(BOP) - On March 9, 2015, the United States Sentencing Commission released a comprehensive report on recidivism among federal offenders. Their report focused on the number of inmates from 2005 that were rearrested within eight years for a new crime or for a violation of the conditions of their probation or release. Recidivism is most commonly defined as rearrest for a new crime or revocation of supervision within three years after release from prison. While not published in the USSC report, at the request of the Bureau, the USSC reported this traditional recidivism measure: only 33.7% of the inmates released from the Bureau of Prisons in 2005 were rearrested or had their supervision revoked over a three year period. This figure reflects a 16% decline compared to historic Bureau of Prisons rates of recidivism and compares favorably to the rate of 67.8 percent average rate across the largest states.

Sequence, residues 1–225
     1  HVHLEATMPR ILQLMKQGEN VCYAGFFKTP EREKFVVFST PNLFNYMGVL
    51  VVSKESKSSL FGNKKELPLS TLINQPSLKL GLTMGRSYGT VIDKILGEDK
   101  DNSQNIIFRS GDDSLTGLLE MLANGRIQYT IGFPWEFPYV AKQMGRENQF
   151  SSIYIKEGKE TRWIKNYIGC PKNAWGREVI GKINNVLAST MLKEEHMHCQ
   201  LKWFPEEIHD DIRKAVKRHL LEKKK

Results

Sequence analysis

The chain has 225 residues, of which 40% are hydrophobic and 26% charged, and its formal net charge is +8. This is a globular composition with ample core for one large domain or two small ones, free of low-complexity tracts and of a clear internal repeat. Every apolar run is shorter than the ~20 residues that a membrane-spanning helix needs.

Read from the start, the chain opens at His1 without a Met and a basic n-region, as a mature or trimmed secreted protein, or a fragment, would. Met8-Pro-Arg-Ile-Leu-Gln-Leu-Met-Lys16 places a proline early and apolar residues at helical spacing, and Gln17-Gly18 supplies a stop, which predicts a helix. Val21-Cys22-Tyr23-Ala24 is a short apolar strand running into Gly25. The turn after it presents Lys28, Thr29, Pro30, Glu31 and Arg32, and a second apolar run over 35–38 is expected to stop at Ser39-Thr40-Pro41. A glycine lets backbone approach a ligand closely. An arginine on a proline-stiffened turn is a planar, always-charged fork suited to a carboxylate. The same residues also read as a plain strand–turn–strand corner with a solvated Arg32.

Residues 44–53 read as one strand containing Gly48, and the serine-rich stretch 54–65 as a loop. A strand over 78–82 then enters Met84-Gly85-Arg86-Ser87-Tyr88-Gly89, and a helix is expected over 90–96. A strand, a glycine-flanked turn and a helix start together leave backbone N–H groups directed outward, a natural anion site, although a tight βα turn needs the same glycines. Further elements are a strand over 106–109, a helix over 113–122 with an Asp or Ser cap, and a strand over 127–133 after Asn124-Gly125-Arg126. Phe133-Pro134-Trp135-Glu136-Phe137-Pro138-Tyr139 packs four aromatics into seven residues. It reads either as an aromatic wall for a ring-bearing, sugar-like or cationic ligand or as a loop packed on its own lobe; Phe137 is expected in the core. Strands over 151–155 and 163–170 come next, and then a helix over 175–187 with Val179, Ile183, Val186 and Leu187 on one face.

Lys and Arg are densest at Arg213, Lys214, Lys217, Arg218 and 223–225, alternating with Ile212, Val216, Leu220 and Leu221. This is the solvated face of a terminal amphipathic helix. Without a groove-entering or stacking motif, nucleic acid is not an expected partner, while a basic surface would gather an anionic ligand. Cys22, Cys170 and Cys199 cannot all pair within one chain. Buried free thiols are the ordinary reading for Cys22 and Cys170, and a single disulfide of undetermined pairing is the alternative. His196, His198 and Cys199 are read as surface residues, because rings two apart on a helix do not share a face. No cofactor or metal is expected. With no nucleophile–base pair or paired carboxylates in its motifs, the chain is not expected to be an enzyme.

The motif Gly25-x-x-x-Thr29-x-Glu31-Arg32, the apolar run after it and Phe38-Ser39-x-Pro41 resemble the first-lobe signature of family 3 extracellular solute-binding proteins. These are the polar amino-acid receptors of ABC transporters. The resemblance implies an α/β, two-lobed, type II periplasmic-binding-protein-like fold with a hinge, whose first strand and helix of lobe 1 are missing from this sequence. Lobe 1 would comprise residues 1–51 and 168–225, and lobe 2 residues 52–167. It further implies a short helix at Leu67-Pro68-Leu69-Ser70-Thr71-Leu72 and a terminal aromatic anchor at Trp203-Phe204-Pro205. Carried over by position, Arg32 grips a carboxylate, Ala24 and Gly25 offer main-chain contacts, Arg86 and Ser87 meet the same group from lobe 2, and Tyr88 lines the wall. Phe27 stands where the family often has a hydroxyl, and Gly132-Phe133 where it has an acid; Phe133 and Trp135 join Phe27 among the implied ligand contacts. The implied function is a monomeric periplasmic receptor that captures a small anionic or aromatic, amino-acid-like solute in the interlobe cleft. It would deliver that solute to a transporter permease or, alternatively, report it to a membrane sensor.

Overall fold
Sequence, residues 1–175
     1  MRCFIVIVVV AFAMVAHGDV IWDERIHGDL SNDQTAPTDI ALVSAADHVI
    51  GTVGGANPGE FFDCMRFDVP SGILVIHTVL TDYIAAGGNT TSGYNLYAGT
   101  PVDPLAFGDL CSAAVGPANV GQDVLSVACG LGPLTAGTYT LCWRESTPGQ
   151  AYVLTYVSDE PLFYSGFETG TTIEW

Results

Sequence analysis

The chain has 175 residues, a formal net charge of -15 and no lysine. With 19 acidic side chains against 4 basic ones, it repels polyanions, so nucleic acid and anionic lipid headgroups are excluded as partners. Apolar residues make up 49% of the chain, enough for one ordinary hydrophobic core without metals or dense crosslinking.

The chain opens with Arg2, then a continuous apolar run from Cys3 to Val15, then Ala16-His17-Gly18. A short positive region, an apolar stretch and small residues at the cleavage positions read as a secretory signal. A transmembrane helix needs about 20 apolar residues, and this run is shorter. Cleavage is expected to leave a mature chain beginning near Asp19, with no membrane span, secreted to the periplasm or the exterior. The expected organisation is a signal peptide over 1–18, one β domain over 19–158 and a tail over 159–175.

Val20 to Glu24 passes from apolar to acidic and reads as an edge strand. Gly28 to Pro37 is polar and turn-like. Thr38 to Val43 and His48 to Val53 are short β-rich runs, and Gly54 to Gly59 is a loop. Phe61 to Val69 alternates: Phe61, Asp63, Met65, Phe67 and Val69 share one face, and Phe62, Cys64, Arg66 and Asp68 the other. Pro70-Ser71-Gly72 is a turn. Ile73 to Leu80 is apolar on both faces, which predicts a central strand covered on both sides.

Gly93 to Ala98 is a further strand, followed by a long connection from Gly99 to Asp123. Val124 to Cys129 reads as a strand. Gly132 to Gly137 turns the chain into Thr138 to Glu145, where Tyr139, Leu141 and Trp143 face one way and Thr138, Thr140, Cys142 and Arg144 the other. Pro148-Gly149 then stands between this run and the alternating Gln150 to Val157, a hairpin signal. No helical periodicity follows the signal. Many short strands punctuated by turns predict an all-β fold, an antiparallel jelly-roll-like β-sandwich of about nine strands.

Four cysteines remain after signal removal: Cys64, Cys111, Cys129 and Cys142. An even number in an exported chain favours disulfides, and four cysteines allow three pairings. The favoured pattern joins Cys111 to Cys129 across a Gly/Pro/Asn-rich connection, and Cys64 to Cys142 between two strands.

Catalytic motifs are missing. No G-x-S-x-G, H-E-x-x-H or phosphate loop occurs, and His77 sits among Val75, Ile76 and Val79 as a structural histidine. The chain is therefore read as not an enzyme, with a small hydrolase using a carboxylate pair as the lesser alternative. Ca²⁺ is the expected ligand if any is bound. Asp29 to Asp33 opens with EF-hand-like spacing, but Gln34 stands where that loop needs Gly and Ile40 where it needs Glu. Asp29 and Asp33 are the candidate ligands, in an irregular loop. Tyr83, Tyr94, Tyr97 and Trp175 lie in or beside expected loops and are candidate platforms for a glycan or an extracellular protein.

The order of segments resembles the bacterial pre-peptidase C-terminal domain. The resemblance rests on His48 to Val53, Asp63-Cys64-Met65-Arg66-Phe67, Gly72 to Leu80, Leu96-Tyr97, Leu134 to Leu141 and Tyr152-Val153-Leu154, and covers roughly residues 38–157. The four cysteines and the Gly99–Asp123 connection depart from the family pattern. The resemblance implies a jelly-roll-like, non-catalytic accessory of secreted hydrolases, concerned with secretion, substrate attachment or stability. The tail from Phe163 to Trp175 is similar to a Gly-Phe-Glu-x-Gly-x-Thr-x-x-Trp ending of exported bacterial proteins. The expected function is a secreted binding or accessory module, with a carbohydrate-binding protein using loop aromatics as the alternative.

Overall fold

The staff in the Bureau of Prisons work with inmates from the first day of incarceration to prepare for a successful return to the community; these efforts are paying off.
The complete USSC report can be viewed here: http://www.ussc.gov/news/press-releases-and-news-advisories/march-9-2016